Leave them alone! Olympic athletes should have privacy
BIRMINGHAM, England — President of the Jamaica Olympic Association (JOA), Mike Fennnell, reacting to concerns Jamaican journalists have with being barred from accessing the team's training base here said "athletes should be left alone".
"We must respect the fact that when they are in these last few days of preparation, athletes need to be protected from too much other involvement... and as you know if there is too much involvement, not only with the media, but with other things, the same people will complain that we are allowing the athletes to have too much involvement," Fennell said from Kingston yesterday.
"We must allow them the privacy to train and to focus on what they have to do," said the JOA.
Jamaican journalists covering the London Olympic Games have been rueing being barred from having access to the training base, officials and the athletes.
A proposed meeting between the Jamaican Olympic team management and the Jamaican press, with the aim of adressing the matter, is still to come to fruition.
Technical leader Donald Quarrie and JAAA executive Ludlow Watts had promised to set up a meeting with members of the Jamaican press here to iron out an agreement whereby the journalists would get access to both team management and athletes as the pre-Olympics camp continued at the University of Birmingham.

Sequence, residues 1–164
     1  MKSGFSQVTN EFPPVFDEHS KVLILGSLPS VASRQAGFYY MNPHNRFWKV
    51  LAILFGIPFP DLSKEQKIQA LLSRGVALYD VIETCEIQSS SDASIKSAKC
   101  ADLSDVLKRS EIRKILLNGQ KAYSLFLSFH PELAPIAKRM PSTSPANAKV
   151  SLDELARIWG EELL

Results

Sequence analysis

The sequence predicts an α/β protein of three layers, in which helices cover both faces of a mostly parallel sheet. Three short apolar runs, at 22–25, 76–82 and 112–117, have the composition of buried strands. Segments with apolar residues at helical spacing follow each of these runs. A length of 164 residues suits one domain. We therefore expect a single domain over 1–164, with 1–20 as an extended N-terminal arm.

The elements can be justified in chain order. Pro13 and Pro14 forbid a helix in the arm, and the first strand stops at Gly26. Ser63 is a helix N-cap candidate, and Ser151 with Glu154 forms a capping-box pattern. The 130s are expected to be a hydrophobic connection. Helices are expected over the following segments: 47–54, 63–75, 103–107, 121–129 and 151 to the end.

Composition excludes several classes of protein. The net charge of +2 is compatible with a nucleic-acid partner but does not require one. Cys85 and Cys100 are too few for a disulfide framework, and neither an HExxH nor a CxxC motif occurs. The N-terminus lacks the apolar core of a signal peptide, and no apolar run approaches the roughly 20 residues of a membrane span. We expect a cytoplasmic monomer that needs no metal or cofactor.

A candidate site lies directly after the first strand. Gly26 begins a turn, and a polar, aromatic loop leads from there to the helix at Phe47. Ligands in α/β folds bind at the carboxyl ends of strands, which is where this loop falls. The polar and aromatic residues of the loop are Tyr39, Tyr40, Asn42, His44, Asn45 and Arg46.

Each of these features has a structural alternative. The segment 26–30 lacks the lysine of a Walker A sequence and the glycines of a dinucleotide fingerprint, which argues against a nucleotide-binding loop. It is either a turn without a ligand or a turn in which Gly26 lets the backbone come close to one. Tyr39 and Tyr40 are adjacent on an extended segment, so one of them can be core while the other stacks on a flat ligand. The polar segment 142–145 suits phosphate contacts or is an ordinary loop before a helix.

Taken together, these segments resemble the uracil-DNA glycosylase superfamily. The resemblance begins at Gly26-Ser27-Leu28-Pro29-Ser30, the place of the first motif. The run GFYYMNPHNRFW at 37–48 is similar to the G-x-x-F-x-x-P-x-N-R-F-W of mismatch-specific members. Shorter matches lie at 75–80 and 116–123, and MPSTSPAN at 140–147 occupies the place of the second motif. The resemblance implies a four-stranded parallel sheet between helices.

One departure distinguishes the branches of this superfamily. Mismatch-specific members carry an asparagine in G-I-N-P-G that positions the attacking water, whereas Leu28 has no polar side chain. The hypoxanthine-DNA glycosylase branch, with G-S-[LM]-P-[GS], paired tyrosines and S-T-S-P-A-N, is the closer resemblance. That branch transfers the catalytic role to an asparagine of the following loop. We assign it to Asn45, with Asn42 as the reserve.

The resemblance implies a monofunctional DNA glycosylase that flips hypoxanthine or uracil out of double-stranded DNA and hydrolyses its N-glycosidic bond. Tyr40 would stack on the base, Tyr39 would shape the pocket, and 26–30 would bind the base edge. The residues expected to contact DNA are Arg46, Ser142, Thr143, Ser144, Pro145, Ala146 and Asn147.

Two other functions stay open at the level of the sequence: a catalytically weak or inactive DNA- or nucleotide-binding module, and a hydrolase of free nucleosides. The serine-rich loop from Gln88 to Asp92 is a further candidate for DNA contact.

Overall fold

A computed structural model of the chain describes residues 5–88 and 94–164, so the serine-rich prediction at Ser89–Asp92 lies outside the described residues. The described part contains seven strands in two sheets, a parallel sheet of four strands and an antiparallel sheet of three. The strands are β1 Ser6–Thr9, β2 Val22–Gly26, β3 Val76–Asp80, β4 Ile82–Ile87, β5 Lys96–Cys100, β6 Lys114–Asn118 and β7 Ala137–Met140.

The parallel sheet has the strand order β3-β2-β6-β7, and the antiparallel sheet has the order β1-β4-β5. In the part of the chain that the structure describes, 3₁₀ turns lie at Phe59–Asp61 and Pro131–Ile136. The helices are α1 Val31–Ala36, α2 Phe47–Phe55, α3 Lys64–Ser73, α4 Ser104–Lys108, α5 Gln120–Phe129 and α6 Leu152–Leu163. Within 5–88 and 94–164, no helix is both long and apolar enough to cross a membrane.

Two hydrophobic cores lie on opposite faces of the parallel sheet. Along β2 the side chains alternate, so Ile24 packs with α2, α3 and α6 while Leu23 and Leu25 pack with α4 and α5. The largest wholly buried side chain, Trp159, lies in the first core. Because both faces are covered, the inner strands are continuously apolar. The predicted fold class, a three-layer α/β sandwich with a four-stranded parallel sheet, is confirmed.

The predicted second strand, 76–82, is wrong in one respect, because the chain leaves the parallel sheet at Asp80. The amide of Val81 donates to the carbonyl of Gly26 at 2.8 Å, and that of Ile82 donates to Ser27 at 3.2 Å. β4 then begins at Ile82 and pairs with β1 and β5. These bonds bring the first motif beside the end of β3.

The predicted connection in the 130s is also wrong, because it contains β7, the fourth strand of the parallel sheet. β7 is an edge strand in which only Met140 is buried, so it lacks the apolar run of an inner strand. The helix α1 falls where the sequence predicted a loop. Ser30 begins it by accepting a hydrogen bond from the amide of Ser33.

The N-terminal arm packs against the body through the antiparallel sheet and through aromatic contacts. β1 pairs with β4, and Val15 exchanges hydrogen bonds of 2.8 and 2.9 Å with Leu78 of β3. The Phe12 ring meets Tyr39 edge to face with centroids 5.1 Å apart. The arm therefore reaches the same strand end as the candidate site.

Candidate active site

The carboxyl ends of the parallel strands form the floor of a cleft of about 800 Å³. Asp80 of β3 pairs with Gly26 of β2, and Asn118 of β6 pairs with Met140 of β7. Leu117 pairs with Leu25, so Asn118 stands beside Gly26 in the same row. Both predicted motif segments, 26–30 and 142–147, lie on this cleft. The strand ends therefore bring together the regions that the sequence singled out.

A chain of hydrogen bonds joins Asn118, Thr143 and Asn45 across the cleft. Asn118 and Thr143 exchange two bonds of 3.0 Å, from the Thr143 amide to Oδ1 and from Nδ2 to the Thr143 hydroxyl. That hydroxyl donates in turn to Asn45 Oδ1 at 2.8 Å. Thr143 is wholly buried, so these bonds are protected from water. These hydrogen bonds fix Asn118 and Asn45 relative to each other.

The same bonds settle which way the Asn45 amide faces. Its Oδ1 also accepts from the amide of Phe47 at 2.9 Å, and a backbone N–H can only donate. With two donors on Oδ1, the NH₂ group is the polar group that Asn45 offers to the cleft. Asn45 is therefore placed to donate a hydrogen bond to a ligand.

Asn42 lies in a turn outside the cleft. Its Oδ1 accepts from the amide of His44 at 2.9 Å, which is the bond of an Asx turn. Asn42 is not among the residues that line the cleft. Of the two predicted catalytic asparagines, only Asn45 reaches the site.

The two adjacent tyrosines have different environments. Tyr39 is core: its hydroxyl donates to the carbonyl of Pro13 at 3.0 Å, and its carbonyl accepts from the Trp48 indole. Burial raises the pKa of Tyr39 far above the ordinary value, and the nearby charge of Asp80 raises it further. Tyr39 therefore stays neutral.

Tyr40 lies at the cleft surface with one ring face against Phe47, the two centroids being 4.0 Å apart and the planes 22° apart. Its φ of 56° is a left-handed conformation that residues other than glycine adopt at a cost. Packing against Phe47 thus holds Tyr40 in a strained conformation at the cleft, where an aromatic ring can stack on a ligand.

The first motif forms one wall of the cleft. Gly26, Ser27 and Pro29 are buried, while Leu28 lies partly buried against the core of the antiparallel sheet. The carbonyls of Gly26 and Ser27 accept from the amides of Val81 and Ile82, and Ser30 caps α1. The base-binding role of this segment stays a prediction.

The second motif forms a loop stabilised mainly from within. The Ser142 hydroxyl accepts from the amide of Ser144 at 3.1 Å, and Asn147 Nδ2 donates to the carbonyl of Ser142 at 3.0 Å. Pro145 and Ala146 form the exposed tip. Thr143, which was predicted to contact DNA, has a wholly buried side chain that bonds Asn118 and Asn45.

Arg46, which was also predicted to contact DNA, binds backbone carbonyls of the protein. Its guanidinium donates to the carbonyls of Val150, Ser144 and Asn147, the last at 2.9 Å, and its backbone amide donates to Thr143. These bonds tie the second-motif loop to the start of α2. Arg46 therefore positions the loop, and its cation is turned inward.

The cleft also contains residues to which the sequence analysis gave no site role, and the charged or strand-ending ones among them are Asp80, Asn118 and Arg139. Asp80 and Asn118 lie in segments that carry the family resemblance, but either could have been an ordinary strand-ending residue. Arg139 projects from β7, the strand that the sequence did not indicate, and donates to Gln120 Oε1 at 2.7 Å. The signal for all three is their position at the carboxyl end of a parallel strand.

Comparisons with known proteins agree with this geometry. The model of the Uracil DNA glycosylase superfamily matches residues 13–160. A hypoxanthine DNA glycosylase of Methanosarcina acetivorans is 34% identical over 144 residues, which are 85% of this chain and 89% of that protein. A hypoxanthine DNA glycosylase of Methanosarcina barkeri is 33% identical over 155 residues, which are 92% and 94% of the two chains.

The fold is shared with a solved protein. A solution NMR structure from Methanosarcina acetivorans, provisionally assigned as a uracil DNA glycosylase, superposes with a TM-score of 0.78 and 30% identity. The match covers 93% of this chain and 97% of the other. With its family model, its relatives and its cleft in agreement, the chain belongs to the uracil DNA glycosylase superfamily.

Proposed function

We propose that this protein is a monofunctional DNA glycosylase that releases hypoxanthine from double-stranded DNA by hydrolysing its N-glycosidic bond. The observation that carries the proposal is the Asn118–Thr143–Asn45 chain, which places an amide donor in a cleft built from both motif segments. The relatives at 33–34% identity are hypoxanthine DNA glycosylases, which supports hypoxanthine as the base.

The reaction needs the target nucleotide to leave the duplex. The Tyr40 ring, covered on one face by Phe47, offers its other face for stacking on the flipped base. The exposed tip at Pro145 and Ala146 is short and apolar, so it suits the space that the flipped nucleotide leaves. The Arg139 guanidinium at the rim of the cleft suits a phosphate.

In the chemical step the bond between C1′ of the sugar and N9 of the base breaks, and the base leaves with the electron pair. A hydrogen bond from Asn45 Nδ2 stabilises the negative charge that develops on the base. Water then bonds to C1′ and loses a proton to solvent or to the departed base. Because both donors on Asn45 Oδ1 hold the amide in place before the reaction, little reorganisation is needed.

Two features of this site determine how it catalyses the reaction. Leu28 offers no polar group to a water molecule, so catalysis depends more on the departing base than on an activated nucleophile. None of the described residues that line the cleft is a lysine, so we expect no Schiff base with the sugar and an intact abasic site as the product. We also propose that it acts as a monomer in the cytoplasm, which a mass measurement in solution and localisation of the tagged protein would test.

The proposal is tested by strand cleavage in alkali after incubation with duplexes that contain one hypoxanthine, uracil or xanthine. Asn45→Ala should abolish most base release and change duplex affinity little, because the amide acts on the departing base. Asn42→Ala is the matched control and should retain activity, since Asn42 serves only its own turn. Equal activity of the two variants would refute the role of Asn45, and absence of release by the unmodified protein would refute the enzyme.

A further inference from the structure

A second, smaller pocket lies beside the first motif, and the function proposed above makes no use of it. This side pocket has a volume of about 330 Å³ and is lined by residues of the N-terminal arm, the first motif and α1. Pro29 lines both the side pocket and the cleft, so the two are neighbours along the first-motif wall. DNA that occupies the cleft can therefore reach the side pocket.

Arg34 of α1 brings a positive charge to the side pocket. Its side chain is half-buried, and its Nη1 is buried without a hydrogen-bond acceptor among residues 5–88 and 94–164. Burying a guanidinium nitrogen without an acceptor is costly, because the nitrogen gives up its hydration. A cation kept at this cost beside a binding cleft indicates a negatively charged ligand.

The Jamaica Observer spoke with both Watts and Quarrie on three occasions yesterday, and each time, assurances were given that efforts were being made to set up the confab.
President of the JAAA, Dr Warren Blake, who is also in Birmingham, promised on Thursday to "see what (he) could do to set up the meeting" as well.
On Wednesday members of the Observer team and other Jamaican journalists here were barred from any access to either management of the team or athletes who had showed up for the camp, which this newspaper was told weeks ago was mandatory for all 47 members of the athletics team.
Instead, members of the media were advised about a July 24 media day at the University of Birmingham where members of the press who were granted accreditations would be allowed limited access to a press conference, but was also told that no one-on-one interviews would be accommodated, it was also learned.
On Thursday, a journalist was thrown out of the facility even after the athletes had left and yesterday security around the Monrow stadium facilities were beefed up.
Meanwhile, groups of Jamaican athletes have been seen in the main shopping area, the Bull Ring, over the last two days and have been mingling freely with journalists even posing for photos for their social sites.
On Thursday, a group, including decathlete Maurice Smith, discus throwers Jason Morgan and Allison Randall, shot putter Dorian Scott and quarter-milers Riker Hylton and Errol Nolan was spotted on the road.
Yesterday a smaller group with Nolan and Hylton, as well as 400m hurdlers Josef Robertson and Roxroy Cato as well as long jumper Damion Forbes and sprinter Kemar Bailey-Cole, spent more than an hour in the mall and posed for photos and signed autographs for curious persons including many with Jamaican connections.